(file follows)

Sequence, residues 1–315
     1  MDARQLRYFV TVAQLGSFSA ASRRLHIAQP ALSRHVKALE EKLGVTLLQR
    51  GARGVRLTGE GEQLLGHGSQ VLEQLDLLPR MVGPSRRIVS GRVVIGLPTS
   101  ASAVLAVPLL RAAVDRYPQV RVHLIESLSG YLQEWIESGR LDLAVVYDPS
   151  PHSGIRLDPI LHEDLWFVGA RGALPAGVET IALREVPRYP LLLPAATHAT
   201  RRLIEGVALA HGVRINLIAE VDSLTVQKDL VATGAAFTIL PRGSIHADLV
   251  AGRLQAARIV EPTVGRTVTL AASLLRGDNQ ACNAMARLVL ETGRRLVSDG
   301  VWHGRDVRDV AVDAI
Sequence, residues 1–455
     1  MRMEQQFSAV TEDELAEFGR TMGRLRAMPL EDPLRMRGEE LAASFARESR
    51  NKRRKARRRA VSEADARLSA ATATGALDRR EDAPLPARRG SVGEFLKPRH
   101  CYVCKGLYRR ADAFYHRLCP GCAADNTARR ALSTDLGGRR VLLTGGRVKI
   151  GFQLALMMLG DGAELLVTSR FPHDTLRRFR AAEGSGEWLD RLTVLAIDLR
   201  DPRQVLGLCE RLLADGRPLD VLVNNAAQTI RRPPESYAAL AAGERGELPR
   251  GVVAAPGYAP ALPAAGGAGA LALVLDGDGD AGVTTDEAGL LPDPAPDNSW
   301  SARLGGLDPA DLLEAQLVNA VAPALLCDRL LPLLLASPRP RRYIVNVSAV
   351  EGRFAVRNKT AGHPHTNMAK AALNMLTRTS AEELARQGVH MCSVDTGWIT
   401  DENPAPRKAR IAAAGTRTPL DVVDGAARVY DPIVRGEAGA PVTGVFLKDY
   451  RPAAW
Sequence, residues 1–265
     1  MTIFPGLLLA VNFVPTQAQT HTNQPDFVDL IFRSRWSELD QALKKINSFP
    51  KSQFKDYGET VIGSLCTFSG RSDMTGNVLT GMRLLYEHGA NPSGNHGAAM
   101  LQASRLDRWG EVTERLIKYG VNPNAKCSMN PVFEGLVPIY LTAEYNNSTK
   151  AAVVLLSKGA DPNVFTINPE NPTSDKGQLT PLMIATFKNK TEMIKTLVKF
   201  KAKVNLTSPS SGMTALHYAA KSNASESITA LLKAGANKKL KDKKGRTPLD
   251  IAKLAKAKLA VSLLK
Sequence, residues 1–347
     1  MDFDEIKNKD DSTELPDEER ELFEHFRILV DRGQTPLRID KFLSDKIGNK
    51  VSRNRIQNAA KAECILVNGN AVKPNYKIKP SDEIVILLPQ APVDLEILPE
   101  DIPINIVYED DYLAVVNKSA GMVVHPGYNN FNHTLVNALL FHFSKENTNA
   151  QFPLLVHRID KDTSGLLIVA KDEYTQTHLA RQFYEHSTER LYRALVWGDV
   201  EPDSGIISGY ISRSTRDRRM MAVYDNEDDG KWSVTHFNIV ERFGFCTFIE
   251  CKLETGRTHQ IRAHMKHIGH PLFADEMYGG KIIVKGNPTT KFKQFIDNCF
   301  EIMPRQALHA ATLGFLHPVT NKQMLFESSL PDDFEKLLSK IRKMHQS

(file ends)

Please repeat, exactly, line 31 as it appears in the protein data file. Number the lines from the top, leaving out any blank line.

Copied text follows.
   151  QFPLLVHRID KDTSGLLIVA KDEYTQTHLA RQFYEHSTER LYRALVWGDV